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Marcos to new AFP chief: Ensure military ready for any contingency

NEW AFP CHIEF. President Ferdinand Marcos hands over the sabre of leadership of the Armed Forces of the Philippines from outgoing General Andres Centino to incoming General Romeo Brawner in a ceremony on Friday.

President Ferdinand Marcos Jr. on Friday urged new Armed Forces of the Philippines (AFP) chief Gen. Romeo Brawner Jr. to make sure the military is prepared for “any contingency.”

“Given your extensive experience in safeguarding peace in conflict-affected areas, I urge you to recalibrate our internal security operations, so that we can deliver public services in geographically isolated and disadvantaged communities,” Marcos said during the turnover ceremony for the new AFP chief at Camp Aguinaldo, Quezon City.

Marcos expressed confidence that Brawner’s leadership would lead to a safer and more secure nation with rebels returning to the fold of the law and becoming productive citizens.

He also urged the entire AFP to be prepared for “any contingency” as he assured them that the military organization will be modernized.

“At this juncture, allow me to urge you all to work towards an Armed Forces that is agile and prepared for any contingency. As your commander-in-chief, I assure you that this administration is firm in reinforcing this noble pursuit by modernizing the AFP,” he said.

With the efforts to boost the country’s external defense capacity, Marcos asked the military to keep working with government agencies and civilians to form an “archipelagic consciousness” among Filipinos.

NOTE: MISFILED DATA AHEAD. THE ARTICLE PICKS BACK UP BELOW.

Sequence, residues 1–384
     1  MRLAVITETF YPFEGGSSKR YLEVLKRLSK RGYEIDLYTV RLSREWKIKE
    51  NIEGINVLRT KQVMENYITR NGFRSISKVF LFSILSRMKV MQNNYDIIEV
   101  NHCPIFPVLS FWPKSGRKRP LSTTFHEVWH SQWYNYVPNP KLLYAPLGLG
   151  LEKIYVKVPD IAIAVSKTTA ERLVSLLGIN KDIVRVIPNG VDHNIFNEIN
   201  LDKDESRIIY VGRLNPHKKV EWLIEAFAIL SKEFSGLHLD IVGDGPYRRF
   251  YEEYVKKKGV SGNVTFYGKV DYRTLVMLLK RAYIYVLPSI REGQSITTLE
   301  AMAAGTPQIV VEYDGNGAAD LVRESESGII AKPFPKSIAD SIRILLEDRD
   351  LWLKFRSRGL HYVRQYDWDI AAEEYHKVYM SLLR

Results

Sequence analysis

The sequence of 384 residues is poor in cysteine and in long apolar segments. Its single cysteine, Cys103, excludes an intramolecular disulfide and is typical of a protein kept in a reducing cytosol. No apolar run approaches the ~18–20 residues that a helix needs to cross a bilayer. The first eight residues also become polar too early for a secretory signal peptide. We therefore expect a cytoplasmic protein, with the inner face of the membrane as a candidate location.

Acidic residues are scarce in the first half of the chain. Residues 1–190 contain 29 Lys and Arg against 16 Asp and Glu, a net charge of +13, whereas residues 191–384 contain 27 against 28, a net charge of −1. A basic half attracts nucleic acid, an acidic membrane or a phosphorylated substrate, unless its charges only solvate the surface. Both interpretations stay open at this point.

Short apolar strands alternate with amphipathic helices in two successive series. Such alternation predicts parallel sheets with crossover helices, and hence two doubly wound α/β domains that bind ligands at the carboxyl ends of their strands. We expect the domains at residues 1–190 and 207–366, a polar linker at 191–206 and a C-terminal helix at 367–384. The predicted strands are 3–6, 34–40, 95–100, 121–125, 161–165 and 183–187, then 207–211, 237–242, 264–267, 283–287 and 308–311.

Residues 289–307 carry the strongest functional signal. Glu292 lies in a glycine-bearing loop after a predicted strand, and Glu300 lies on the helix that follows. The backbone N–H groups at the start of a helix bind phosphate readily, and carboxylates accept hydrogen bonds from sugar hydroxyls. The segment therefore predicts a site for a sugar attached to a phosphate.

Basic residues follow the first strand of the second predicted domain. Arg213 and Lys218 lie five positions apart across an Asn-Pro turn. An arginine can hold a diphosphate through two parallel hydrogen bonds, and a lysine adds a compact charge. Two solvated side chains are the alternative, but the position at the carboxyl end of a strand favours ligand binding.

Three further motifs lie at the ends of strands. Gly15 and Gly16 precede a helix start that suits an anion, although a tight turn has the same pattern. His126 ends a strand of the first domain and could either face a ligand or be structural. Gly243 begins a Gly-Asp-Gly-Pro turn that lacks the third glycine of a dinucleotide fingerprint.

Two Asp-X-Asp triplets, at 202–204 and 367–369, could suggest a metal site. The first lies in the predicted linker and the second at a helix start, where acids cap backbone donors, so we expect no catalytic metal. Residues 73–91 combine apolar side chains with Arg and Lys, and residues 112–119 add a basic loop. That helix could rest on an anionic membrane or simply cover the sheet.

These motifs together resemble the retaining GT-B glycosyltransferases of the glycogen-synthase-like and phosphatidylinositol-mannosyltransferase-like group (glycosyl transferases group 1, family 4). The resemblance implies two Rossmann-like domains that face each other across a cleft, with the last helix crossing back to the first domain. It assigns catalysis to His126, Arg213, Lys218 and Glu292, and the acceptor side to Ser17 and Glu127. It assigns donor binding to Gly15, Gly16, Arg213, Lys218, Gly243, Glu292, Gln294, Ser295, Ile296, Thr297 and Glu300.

“This will help champion our country’s territorial integrity and sovereignty,” he said.

“I have faith that under the supervision of General Brawner, the Armed Forces will continue to ensurethe security of Filipinos and the national sovereignty of the country amid the challenges ahead,” he added.

Brawner replaced General Andres Centino, who will now serve as Presidential Adviser on the West Philippine Sea.

Brawner said he would work on unifying a solid and professional AFP that follows the chain of command as well as integrating former rebels with the mainstream community.

A day earlier, Brawner, in his last day as the Army’s Commanding General, welcomed United States Army 1st Armored Division Commanding General Maj. Gen. James P. Isenhower III, who paid him a courtesy call at the PA Headquarters in Fort Bonifacio, Taguig City. Armed Forces photos

“We have to give special attention to the normalization process in the Bangsamoro Autonomous Region in Muslim Mindanao, particularly in the disarmament, demobilization and reintegration of former fighters of the Moro Islamic Liberation Front as stipulated in the Bangsamoro Organic Law,” Brawner said in his speech.

The new AFP chief also noted that modernization will make the AFP a “lethal and competent fighting force capable of defending our territory from external aggression.” He said these efforts would also include cyber warfare. (See full story online at manilastandard.net)

“We shall also actively pursue our international defense and security engagements to strengthen our relations with our allies and partners. We shall actively participate in the United Nations missions to enhance our country’s reputation as a peace-loving nation” Brawner said.